Michigan secretary of state blasts Trump over electoral ‘lies’ that might lead to violence

Michigan’s secretary of state ripped former President Trump for spreading lies that could encourage political violence after he drafted a series of posts casting doubt on the election integrity of the midterms before polls had closed Tuesday.

“This isn’t true,” Michigan Secretary of State Jocelyn Benson responded after a post from Trump that said voters in Detroit were being turned away from polling stations. The former president offered no evidence to back up his assertion.

“Please don’t spread lies to foment or encourage political violence in our state. Or anywhere. Thanks,” Benson tweeted.

In posts on his social media platform over three hours, Trump complained about voting processes in Michigan, Pennsylvania and Arizona, at one point encouraging people to protest.

All three are states lost by Trump in the 2020 election. He has repeatedly made baseless accusations about those losses, which have been confirmed by courts and political officials of both parties.

“Same thing is happening with Voter Fraud as happened in 2020???” Trump, who is eyeing a reelection bid announcement as soon as next week, said in one of his posts.

Ahead of ​​his 2020 election loss, Trump for several months before Election Day broadcasted doubts about its legitimacy.

His campaign would go on to lose 62 different court cases seeking to challenge the 2020 election results with his legal team unable to convince a single judge of their fraud claims.

Arizona was a top focus for Trump on Tuesday, as Maricopa County, which includes Phoenix, was having issues with vote counting machines in about 20 percent of polling places. The problem was resolved by changing the printer settings, allowing votes to be tabulated.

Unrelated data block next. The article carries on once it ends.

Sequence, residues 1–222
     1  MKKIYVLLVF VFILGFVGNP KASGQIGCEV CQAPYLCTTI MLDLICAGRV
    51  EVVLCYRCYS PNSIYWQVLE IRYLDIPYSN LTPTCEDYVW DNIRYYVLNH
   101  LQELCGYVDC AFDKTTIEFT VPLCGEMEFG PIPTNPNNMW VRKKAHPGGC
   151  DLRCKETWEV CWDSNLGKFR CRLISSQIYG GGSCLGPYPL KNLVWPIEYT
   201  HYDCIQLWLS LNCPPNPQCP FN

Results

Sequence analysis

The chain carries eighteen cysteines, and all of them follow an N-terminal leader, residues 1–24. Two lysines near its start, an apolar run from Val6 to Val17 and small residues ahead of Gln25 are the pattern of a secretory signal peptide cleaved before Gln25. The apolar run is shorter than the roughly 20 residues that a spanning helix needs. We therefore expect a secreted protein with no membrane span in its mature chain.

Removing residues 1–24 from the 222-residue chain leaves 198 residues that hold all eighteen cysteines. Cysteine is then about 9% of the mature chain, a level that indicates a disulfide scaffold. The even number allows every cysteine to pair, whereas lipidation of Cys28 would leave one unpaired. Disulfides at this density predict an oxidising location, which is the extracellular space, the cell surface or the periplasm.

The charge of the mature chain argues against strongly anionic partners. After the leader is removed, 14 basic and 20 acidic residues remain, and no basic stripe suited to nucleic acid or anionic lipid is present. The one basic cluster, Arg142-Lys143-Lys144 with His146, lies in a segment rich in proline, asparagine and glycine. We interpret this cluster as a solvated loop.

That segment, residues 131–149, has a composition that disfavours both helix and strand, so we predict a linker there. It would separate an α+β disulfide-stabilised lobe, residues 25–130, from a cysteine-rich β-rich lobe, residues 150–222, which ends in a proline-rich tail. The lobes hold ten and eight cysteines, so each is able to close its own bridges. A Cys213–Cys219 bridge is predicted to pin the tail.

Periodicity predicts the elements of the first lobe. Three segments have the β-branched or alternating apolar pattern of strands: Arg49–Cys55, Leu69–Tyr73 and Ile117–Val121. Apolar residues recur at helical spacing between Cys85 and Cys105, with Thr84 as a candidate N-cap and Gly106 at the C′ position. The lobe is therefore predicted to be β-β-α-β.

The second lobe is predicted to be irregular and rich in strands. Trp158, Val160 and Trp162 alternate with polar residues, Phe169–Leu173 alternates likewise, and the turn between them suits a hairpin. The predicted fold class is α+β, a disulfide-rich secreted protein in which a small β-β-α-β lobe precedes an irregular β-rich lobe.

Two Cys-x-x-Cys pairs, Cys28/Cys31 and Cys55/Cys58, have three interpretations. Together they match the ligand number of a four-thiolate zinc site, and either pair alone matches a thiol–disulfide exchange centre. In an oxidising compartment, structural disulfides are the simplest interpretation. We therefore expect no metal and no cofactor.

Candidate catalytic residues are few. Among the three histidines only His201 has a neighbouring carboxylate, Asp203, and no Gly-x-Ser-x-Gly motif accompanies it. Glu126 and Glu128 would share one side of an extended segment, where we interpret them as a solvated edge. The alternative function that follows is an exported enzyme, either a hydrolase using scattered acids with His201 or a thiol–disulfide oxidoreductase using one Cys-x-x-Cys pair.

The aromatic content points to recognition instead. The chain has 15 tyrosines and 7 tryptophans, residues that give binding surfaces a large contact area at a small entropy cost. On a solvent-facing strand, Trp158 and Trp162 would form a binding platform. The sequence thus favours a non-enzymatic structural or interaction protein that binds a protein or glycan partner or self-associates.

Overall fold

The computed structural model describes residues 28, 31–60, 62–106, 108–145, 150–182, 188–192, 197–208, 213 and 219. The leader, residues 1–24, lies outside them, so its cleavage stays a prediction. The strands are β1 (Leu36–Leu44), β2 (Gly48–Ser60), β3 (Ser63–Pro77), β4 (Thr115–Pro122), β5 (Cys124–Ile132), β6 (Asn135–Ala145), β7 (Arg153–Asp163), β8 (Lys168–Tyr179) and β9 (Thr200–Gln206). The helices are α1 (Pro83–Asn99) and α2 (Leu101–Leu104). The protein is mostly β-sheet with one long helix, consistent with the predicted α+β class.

But the issue sent Trump on a tirade, claiming in various posts that “they are trying to steal the election with bad Machines and DELAY” and that we “can’t let this happen, AGAIN!!!” Trump did not specify who he was referring to by “they” and provided no evidence for his claims.

Maricopa County’s government was on offense even before polls opened Tuesday, drafting tweets Monday night about election myths and facts in an attempt to battle disinformation.

“From how long it takes to get all ballots counted to concerns about tabulation equipment– we anticipate false election narratives to spread in the coming days,” the county wrote via Twitter.

There were no indications from authorities Tuesday of anything other than a largely routine Election Day.

During a call with reporters Tuesday, the Cybersecurity and Infrastructure Security Agency (CISA) said it has not identified any “specific or credible threats” that would disrupt the election system.

“It’s important to remember that such incidents will not affect a person’s ability to cast a ballot or know that their ballot was counted accurately, and that the election is secure,” an official with the agency emphasized.

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